How to Speed Up File Downloads With Python by@exactor

How to Speed Up File Downloads With Python

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Maksim Kuznetsov HackerNoon profile picture

Maksim Kuznetsov

Just a Senior Python Developer.

Very often, some admins set limits on the speed of downloading files, this reduces the load on the network, but at the same time it is very annoying for users, especially when you need to download a large file (from 1 GB), and the speed fluctuates around 1 megabit per second (125 kilobytes per second). Based on these data, we conclude that the download speed will be at least 8192 seconds (2 hours 16 minutes 32 seconds). Although our bandwidth allows us to transfer up to 16 Mbps (2 MB per second) and it will take 512 seconds (8 minutes 32 seconds).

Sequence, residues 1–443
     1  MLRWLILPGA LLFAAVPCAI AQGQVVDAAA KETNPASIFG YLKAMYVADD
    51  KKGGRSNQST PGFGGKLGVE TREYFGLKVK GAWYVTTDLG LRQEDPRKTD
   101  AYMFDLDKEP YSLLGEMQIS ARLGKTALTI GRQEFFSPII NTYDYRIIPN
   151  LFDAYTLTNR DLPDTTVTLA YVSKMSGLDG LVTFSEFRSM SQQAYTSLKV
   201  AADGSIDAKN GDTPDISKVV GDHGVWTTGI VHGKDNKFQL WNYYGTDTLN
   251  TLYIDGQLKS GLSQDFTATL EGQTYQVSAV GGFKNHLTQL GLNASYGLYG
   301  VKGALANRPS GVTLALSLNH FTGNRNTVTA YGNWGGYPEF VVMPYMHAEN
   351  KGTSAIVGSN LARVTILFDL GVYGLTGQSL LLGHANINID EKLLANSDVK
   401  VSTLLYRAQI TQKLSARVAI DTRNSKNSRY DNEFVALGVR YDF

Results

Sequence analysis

These values ​​​​are not taken by chance, for such a download, initially I used exclusively 4G Internet.

Case:

The utility developed by me and laid out below - works only if:

  • You know in advance that your bandwidth is higher than the download speed
  • Even large site pages load quickly (the first sign of artificially low speed)
  • You are not using a slow proxy or VPN
  • Good ping to the site

What are these restrictions for?

  • optimization of the backend and the return of static files
  • DDoS Protection

How is this slowdown implemented?

Nginx

location /static/ {
   ...
   limit rate 50k; -> 50 kilobytes per second for a single connection 
   ...
}

location /videos/ {
   ...
   limit rate 500k; -> 500 kilobytes per second for a single connection